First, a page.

England Test captain Alastair Cook insists he is “refreshed” by this winter’s enforced sabbatical at home on his farm.
Cook is facing three Caribbean Tests this month, beginning Monday, and then a decidedly awkward assignment at home to New Zealand, before England somehow try this summer to regain the Ashes lost 5-0 under his captaincy in 2013-14.
To date, he is one match – eight runs in two innings – one problematic radio interview and one departure press conference, alongside coach Peter Moores, back into the regime he departed for three months after his Christmas axing as England’s World Cup captain.
Cook made 79 in his last Test innings, part of a wide-margin and third successive victory at home to India last summer, and will be a record-breaker for the foreseeable future as England’s most prolific centurion.
It was Cook himself, however, who helpfully pointed out those facts will be irrelevant when he next walks out to open the innings for his country.
Before and after that moment, he will be beset by the endless stream of enquiries – about his own poor form of the past two years, his and Moores’ future, the remarks of outspoken new England and Wales Cricket Board chairman Colin Graves… and, of course, the eager to return Kevin Pietersen.
The wonder is whether Cook can clear his mind sufficiently to defend his wicket against the new ball, or dispatch a wide one.
That ability, though, is what sets apart batsmen of his calibre – and he can only keep telling himself he has the track record to prove it. “That’s what I’ve got to do ... at the top of the order you’re paid to score runs, and I’d love to get back to that.
“Every time you go out to bat you start on nought.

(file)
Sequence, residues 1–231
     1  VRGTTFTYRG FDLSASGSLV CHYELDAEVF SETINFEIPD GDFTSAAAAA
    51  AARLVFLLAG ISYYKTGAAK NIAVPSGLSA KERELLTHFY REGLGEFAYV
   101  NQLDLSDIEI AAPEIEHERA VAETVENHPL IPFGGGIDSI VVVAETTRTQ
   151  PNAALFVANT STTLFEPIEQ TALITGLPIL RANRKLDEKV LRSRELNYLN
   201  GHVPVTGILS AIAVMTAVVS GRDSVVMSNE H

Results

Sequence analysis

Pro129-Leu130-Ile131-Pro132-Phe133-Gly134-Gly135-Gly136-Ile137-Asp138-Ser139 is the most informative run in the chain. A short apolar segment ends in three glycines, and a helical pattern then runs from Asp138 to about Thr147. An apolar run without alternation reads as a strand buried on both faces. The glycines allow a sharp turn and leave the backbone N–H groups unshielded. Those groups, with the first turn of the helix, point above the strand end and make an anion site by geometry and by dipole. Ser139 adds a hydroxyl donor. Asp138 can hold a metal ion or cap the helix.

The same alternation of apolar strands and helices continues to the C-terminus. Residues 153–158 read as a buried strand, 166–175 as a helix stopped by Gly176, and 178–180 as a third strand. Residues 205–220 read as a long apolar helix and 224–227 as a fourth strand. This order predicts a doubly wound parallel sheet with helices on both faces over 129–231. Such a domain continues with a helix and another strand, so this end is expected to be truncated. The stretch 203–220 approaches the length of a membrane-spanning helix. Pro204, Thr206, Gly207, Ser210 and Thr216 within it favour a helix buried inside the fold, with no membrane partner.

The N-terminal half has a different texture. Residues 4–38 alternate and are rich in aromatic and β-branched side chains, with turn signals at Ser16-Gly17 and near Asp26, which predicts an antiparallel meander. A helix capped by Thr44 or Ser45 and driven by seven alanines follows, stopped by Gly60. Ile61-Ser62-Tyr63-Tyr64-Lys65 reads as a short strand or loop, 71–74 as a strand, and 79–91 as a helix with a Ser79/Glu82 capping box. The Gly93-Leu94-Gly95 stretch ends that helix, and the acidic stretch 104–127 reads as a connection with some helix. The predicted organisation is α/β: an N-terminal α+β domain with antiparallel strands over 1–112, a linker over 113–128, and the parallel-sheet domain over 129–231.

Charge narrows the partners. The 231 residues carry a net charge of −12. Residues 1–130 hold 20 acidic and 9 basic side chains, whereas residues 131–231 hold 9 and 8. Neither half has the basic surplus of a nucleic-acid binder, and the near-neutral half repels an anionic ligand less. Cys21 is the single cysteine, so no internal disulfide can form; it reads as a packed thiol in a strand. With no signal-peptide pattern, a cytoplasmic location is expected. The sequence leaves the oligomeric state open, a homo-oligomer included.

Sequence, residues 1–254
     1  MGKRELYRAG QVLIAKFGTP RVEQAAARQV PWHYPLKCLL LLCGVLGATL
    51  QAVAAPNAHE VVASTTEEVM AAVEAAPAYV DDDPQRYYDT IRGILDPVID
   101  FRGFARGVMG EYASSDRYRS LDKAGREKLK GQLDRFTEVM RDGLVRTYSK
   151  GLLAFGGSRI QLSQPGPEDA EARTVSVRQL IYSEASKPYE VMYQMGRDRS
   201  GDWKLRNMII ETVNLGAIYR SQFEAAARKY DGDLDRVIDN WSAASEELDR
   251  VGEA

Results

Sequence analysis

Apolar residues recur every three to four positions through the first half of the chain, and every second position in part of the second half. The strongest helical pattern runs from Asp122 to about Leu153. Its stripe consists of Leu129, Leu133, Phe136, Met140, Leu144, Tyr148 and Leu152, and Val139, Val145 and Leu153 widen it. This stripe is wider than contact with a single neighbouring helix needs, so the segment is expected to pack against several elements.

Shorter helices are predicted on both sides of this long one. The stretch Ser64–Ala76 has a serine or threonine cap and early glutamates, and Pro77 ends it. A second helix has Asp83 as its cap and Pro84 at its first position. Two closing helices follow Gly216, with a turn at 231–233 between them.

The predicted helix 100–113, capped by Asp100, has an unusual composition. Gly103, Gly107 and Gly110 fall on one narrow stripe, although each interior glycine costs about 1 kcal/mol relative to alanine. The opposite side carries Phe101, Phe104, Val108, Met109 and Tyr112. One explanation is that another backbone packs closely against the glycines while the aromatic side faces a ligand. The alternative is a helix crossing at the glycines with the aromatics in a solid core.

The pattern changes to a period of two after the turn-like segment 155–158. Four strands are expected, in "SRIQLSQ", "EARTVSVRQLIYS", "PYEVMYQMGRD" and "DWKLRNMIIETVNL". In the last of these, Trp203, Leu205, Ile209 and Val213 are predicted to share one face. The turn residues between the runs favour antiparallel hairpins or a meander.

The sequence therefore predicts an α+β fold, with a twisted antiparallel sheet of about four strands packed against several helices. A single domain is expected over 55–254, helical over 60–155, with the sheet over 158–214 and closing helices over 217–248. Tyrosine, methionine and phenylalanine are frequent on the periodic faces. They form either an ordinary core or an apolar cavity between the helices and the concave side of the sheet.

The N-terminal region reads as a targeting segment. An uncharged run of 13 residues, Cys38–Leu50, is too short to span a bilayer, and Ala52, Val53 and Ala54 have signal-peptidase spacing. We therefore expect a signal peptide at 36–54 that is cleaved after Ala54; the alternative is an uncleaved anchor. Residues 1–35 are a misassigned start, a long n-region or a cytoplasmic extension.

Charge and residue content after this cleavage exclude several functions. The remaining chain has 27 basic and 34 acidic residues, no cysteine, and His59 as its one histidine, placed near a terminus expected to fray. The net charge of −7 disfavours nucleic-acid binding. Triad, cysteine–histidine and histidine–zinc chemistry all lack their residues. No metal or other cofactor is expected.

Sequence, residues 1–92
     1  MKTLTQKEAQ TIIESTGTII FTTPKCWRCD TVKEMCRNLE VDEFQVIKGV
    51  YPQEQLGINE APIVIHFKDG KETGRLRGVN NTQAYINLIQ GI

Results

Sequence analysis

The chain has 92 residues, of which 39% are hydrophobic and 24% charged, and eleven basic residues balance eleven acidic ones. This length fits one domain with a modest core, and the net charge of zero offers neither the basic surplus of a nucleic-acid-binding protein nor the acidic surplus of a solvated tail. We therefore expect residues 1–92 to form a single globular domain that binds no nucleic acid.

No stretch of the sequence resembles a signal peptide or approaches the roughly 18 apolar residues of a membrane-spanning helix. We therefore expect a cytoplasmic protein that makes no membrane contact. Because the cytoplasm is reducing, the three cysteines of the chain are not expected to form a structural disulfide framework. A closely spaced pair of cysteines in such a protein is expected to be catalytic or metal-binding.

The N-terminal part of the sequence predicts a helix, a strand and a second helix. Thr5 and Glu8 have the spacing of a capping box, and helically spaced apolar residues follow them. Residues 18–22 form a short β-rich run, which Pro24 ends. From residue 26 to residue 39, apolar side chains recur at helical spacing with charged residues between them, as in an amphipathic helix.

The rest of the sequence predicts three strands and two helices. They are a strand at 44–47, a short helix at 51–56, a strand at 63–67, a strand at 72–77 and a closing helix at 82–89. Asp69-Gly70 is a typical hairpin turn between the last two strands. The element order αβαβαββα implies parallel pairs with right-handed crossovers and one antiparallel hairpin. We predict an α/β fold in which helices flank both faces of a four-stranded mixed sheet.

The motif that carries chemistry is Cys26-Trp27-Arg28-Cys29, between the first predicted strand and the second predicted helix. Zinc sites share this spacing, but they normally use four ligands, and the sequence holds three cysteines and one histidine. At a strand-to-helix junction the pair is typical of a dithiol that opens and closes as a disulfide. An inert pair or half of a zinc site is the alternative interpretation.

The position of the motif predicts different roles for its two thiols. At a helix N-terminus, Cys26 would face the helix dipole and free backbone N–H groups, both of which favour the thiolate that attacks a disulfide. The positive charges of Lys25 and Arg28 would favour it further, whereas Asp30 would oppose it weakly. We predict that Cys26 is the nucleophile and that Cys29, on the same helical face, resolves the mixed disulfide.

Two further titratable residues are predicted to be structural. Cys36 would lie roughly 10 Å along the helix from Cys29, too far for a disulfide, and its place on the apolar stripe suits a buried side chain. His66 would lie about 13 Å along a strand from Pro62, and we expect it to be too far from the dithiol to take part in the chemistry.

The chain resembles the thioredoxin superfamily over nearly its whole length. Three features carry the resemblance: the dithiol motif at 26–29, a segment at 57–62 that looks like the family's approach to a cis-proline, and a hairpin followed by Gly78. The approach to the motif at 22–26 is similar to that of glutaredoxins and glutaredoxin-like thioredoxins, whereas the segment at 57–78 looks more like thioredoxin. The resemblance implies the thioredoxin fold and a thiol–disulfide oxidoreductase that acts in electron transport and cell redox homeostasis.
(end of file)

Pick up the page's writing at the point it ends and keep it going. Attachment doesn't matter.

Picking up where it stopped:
“The record you have in the past counts for nothing when you walk out there.”
Cook waved what he hoped would be a brief goodbye to Moores, less than a week before turning 30 on Christmas Day, still apparently full of optimism – despite an unsuccessful tour of Sri Lanka – that he would be retained to complete the task he had been set three-and-a-half years earlier, to lead England to the World Cup.
The tinsel could barely have been in place around him, wife Alice and their baby daughter at their rural home before he discovered he would be staying on well into the new year after all.
Back to work last week, after England’s World Cup embarrassment without him and off his own bat after those two brief innings for MCC against champion county Yorkshire in Abu Dhabi, Cook could do little else than try to impart a little positive spin on events.
“It’s been a different couple of months from what I thought I would have before Christmas.
“Every cloud has a huge silver lining, and spending three months at home has been fantastic.
“It’s been living a normal life again – which I haven’t had for quite a long time – and it’s been great, spending time with family and friends and being at home.
“It’s been refreshing, but the challenge now is that a lot’s gone on since that last win against India at The Oval.
“To say we can get back there straight away is going to be a challenge for the players and for the leadership, with me and Mooresy, to try to do that.”
It is a moot point whether Graves’ words will help them or not. He spelled out in the weeks before England’s first venture of an outrageously hectic year that, should Cook’s tourists fail to beat the “mediocre” opposition they are set to face in the Windies, there will be “inquiries”.
Encouraged or otherwise by that, Cook is experienced enough to know – especially after England’s disappointments and struggles since they won their last home Ashes series –that success will be hard-earned and is no foregone conclusion.
Reminded of the chairman’s synopsis, he said: “Anyone who has to cross over the line and face 90mph bowling from Kemar Roach will have a different view of that.
“We know that winning any series away from home will take a lot of skill and effort.”